The tech industry can be a difficult place to stay mentally well. Working remotely, especially under unprecedented circumstances, can make a difficult situation worse. Here are some tips on how you can prevent mental health problems.

Give the gift of self-dependence

This ability to have a bit more “life” alongside the work is really beneficial for your own well-being.

Daniel Pink covers how autonomy, mastery and purpose are the main drivers of motivation in his book “Drive”. Motivation, recognition and confidence are key to successful software development work. Being empowered to contribute toward a wider goal using your skills is way more rewarding.

According to research from Haystack, 83% of developers report burnout. That’s why the employers should be careful when they set realistic expectations for the software developers.

Education says you care

As an employer, you can invest in developers as individuals as well. Some companies offer generous training budgets or time off. If you don’t have the opportunity to provide a budget for study, you could still book one day a month to just learn something or ask for a one-hour tutorial from someone else to get you started on a new topic.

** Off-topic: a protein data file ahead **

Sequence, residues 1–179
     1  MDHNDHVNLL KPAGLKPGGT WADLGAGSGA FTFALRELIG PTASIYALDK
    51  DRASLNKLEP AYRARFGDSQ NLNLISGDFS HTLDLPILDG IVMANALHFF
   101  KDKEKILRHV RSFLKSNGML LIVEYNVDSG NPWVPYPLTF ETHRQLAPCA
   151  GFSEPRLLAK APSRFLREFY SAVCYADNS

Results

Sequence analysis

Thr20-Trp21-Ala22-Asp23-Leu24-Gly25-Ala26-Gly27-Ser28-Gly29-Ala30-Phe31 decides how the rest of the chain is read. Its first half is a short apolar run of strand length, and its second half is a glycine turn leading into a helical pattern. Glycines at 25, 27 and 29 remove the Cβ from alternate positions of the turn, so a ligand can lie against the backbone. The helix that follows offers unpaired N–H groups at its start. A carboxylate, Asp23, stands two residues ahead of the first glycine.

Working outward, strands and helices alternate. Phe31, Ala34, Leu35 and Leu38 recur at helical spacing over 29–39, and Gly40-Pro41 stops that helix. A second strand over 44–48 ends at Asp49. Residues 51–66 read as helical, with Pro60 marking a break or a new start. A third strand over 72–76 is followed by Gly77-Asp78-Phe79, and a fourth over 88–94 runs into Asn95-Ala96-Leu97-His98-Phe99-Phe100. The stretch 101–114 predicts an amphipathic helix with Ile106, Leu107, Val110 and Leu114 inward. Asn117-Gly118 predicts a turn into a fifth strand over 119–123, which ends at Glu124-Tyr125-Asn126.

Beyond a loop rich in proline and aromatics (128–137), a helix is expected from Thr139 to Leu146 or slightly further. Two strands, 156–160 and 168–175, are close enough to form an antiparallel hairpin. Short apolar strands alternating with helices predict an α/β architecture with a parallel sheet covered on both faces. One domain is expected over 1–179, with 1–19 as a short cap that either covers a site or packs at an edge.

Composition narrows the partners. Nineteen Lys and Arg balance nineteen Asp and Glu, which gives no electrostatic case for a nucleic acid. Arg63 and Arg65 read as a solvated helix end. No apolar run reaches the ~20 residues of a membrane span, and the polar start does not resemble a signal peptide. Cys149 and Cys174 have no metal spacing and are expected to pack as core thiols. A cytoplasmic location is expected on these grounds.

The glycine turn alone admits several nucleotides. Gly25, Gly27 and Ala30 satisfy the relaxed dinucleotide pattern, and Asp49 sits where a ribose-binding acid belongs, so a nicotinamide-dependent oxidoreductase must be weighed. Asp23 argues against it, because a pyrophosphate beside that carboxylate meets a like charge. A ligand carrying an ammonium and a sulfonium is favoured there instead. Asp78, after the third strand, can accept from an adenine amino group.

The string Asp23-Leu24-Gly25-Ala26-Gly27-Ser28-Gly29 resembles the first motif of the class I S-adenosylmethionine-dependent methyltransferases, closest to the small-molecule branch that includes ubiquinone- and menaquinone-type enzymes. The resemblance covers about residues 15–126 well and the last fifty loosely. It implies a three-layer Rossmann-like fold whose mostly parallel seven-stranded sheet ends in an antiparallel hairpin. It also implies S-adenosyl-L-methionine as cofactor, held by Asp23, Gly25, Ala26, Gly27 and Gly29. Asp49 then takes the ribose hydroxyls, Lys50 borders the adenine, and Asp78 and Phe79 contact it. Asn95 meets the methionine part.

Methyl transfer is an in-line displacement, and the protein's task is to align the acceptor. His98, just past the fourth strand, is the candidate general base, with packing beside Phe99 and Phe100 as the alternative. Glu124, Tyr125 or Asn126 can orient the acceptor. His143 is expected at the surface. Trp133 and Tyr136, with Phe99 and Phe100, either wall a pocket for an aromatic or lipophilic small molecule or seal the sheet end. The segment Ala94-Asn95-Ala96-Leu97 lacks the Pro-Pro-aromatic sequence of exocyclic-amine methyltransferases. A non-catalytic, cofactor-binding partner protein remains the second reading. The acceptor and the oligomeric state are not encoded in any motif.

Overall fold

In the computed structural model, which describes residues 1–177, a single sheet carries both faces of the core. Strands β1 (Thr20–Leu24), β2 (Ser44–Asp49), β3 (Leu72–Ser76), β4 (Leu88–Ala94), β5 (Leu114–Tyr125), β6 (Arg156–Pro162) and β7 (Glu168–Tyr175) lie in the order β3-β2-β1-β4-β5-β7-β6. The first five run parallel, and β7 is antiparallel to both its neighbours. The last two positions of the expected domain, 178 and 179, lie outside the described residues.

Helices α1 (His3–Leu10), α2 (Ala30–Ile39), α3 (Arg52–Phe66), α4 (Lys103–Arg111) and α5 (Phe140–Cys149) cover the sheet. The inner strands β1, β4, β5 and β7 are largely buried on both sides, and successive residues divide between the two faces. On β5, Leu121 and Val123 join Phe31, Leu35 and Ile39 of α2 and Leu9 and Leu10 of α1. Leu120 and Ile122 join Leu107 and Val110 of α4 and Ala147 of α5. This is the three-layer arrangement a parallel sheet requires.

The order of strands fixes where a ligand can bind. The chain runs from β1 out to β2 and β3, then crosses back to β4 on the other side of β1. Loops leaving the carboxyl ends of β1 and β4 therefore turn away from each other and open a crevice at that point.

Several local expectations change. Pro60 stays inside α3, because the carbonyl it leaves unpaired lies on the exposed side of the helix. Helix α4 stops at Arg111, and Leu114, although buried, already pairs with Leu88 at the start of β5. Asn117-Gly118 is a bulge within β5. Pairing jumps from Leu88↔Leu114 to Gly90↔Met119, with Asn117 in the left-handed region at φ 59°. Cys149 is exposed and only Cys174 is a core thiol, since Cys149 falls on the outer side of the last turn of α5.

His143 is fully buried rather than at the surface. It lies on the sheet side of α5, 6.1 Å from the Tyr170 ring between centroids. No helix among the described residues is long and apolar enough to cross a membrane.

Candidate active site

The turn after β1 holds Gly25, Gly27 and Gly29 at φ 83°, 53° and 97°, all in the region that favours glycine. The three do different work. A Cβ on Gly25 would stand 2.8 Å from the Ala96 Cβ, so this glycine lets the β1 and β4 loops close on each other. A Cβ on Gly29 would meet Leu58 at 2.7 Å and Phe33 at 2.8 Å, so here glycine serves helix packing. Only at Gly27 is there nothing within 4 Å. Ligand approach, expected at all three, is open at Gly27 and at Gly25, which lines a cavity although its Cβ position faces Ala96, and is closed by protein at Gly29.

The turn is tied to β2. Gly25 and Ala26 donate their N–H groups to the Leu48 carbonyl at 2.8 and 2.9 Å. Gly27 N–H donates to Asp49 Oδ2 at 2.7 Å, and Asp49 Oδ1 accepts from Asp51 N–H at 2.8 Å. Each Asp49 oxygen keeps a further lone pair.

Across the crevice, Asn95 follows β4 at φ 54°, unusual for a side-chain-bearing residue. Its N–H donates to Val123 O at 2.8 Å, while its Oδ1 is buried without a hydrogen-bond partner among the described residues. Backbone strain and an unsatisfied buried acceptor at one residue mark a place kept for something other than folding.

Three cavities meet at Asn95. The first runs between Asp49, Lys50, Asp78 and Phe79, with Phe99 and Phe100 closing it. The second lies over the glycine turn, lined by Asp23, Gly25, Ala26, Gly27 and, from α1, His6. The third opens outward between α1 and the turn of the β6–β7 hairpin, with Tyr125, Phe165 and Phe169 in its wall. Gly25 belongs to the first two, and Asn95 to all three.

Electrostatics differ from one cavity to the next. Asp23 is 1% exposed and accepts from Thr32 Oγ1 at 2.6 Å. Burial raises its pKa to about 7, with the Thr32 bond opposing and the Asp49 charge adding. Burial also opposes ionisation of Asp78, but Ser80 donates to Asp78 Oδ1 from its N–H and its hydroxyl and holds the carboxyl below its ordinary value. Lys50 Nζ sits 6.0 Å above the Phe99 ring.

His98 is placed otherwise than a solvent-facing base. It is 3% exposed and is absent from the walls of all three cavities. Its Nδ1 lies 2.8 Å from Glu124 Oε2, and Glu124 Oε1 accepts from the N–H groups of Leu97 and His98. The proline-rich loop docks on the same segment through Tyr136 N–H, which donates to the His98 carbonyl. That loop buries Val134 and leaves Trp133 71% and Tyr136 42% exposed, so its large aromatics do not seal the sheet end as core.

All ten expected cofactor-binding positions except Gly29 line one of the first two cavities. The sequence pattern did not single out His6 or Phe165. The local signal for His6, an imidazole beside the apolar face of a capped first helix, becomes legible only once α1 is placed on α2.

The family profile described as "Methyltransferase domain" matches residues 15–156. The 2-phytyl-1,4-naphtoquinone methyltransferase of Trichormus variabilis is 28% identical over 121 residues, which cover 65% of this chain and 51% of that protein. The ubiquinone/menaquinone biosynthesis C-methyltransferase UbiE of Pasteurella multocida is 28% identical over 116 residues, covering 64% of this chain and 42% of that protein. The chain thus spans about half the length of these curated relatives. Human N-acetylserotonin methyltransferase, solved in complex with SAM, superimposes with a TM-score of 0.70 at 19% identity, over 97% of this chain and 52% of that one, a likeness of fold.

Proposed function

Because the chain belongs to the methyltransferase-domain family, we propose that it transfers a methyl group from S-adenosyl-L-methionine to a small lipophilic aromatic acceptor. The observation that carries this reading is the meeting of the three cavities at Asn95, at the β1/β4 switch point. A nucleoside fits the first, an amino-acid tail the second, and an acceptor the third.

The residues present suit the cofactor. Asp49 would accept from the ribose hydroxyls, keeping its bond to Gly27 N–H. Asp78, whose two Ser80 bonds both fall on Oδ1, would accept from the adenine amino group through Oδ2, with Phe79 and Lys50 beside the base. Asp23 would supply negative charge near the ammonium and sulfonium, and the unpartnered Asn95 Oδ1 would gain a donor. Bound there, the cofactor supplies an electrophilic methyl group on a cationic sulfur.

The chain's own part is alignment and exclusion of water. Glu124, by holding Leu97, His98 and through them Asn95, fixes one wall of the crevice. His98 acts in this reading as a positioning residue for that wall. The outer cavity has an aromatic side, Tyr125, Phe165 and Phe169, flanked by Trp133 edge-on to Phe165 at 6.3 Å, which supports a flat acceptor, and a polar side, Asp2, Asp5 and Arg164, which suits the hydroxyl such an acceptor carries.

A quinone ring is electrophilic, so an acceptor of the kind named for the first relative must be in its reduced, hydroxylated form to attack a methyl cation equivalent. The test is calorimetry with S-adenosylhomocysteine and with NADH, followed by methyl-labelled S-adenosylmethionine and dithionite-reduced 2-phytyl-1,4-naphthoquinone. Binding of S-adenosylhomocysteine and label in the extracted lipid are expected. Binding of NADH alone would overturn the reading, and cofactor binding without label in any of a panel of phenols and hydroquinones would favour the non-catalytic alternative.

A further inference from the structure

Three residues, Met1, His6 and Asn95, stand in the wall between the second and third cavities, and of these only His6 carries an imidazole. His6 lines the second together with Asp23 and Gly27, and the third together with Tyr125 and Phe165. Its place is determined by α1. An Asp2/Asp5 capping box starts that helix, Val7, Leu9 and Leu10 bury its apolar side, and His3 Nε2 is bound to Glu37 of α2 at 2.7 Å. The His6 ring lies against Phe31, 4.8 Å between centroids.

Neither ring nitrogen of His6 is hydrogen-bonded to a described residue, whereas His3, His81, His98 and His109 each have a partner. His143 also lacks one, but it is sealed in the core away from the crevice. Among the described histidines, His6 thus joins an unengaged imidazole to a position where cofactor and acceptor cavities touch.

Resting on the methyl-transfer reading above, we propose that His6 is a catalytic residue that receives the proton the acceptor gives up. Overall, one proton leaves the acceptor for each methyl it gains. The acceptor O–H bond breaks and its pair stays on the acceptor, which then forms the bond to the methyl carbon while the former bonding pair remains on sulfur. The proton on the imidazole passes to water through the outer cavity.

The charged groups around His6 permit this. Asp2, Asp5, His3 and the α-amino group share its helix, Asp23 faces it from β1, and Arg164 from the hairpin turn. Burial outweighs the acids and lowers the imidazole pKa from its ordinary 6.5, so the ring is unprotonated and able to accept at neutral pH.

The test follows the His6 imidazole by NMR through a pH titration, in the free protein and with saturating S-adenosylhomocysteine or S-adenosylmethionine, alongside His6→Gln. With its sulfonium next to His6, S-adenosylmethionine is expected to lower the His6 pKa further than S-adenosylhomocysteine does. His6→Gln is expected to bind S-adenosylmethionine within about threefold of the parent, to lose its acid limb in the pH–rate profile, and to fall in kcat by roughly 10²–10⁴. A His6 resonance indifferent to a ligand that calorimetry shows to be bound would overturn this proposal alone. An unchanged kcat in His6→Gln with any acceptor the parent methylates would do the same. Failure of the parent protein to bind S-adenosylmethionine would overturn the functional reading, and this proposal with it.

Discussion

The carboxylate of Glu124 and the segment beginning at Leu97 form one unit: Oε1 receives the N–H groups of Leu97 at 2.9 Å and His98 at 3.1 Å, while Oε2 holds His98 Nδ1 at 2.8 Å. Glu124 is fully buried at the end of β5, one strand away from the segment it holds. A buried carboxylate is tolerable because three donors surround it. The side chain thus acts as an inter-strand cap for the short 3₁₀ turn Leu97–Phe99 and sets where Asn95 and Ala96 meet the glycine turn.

Freedom to work

Rewarding developers with money doesn’t work as a motivator. Giving them time and trusting them to use it for something other than direct product engineering work have a bigger  impact.

Google famously uses an approach of giving 20% of a worker’s time to be used for anything they found interesting. Atlassian is also famous for doing something similar, with all employees working for 24 hours on projects of their choice, producing surprising innovations and improvements that might never have shipped otherwise.

Lessons from open source

Whether remote by choice or circumstance, remote software teams today have much more impressive communication tools available.

However, all this connectivity can lead to added stress and notification fatigue. Software developers are all different. One person’s working style won’t be exactly like another’s. Open source projects work in a way that is respectful of everyone’s time and without much expectation that any one person will be around at any specific time.

Work-life balance

When the pandemic stopped us from our daily commute, many were left with less than ideal work setups.

Even if your developers have been working from home for some time, it’s important to check in whether they need a monitor upgrade, a spare power supply or even a new keyboard.

Take the time to socialize together at work. Some simple online games can lighten the mood. If your company offers an EAP (employee assistance program), make sure that all of your employees know about it and how to access it. It doesn’t hurt to remind managers that the programs are there for them, too, not just the people on their teams.

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Special Projects Editor